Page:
BlackPAC executive director Adrianne Shropshire told Newsweek that Senate control can be either a "significant impediment" or a "significant help" in advancing many of the issues Black voters have said are longtime priorities.

"Obama was not able to complete the agenda that Black voters hoped he would be able to," Shropshire said, "partly because there was a Senate and Senate Majority Leader that decided to be a hindrance to that agenda."

One delicate issue facing Democratic vote organizers in Georgia is the altered political playing field that the runoff represents.

Groups like Stacey Abrams' Fair Fight and The New Georgia Project, as well as others like GALEO, have been doing the work to mobilize their communities for years, and especially so in this cycle. They are wary of groups parachuting in at the last minute who are unfamiliar with the terrain. That dynamic is a reason groups are trying to invest in organizations already on the ground to avoid duplicating efforts.

BlackPAC has partnered with The New Georgia Project to try to register new voters before the deadline of December 7, including some who couldn't even vote on Election Day: 17 year-olds who will turn 18 by the January 5 special election.

Latino voters in Georgia, meanwhile, aren't normally talked about on the national stage, but they could make their presence felt in the Senate races. Biden won Latinos 62% to 37% for Trump, according to the exit polls, while a Latino Decisions pre-election day poll of voters put the support at 69% for Biden and 28% for Trump.

Jerry Gonzalez, the CEO of GALEO, who has worked with the Latino community in Georgia for years, told Newsweek he believes the Latino Decisions breakdown is more accurate because the issue of immigration is "near and dear to Latinos hearts" in Georgia.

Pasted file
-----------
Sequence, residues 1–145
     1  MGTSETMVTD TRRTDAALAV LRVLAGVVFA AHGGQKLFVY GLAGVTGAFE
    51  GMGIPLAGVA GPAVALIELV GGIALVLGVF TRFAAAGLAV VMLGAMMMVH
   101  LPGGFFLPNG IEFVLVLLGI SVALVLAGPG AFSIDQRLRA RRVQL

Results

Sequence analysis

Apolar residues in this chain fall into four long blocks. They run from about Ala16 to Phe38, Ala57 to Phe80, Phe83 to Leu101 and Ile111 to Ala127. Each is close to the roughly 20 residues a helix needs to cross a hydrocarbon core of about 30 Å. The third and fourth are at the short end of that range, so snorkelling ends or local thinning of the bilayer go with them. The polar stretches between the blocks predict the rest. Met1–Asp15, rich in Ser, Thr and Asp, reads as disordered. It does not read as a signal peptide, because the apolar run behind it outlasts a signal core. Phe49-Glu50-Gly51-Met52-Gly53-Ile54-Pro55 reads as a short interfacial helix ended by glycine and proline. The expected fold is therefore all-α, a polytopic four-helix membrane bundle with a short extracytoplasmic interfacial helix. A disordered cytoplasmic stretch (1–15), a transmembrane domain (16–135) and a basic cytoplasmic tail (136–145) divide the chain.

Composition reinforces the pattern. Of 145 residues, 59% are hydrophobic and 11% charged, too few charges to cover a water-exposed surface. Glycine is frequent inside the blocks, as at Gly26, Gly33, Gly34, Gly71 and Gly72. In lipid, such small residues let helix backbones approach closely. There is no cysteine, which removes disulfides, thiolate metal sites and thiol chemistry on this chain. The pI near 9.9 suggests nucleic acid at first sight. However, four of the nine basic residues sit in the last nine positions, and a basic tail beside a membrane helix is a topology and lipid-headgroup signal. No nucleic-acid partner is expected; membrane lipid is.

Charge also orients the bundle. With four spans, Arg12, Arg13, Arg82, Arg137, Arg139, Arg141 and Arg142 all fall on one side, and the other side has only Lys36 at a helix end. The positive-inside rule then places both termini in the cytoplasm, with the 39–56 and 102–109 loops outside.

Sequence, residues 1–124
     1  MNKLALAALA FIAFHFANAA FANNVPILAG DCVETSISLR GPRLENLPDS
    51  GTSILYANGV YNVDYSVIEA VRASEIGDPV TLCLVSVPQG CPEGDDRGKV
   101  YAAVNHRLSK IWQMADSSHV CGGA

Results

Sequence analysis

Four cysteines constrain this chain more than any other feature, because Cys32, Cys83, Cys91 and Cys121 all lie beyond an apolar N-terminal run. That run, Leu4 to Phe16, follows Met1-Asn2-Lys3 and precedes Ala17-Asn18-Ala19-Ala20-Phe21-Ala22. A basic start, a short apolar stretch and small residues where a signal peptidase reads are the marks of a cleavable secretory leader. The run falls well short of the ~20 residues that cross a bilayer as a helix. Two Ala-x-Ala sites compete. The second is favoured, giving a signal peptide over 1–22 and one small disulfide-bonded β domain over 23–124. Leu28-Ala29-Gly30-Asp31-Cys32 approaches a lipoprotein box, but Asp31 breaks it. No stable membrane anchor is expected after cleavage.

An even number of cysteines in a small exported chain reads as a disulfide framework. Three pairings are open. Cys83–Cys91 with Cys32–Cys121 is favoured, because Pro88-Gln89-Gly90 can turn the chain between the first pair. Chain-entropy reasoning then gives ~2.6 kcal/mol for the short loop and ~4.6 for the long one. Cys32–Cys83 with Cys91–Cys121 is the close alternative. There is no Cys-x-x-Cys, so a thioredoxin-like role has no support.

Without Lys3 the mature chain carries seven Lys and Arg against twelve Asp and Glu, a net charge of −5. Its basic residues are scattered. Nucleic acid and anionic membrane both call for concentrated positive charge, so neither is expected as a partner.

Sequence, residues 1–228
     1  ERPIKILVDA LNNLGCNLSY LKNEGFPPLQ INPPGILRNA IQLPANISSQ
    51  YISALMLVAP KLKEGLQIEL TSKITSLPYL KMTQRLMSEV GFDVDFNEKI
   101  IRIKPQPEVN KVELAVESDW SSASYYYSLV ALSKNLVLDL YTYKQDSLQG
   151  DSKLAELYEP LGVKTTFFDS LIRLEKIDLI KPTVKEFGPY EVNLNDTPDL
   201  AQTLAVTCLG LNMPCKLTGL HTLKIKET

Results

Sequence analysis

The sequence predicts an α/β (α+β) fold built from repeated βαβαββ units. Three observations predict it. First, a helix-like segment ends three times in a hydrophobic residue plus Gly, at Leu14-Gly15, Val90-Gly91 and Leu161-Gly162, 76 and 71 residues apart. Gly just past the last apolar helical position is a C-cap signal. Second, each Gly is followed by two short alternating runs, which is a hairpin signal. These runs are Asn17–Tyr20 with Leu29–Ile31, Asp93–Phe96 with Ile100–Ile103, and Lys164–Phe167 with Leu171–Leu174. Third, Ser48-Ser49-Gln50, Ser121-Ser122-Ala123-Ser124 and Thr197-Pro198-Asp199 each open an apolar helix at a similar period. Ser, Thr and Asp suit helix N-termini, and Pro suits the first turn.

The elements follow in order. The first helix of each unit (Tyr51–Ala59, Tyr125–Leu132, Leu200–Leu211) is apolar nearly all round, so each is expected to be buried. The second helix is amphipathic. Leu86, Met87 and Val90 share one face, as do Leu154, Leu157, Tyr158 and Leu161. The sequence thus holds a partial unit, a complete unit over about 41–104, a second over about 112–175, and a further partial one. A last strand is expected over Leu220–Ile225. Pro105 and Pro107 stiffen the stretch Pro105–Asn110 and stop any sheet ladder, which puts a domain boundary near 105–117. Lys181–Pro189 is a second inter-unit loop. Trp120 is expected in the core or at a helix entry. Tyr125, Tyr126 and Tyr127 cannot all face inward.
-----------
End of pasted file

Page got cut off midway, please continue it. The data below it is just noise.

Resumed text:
Like other Latino leaders in the South who are close with their immigrant communities, Gonzalez said those voters more acutely feel the sting and fear around increased racism and discrimination, citing Donald Trump's rhetoric, and the horrific hate crime killing of Mexicans and Mexican-Americans in El Paso, Texas, which he said was "felt powerfully here in Georgia because it could have been any of our communities."

Gonzalez, like others working in the state, knows the numbers: The universe of Latino voters in Georgia is 250,000, with 185,000 voting on November 3, which means there are voters left to mobilize with his phone calls, text messages, bilingual media efforts, and three rounds of mailers that could make a real difference come January.

"We foresaw a runoff," Gonzalez said. "What we did not foresee was that Georgia was going to be the center of the political universe."

jon osoff
Democratic U.S. Senate candidate Jon Ossoff gives an elbow tap to a supporter outside the Metropolitan Library polling location on November 3, 2020 in Atlanta, Georgia. Democratic Senate candidate Jon Ossoff is running against incumbent Se. David Perdue (R-GA) and Libertarian candidate Shane Hazel. Georgia is the only state with two Senate seats on the November 3 ballot. Jessica McGowan/Getty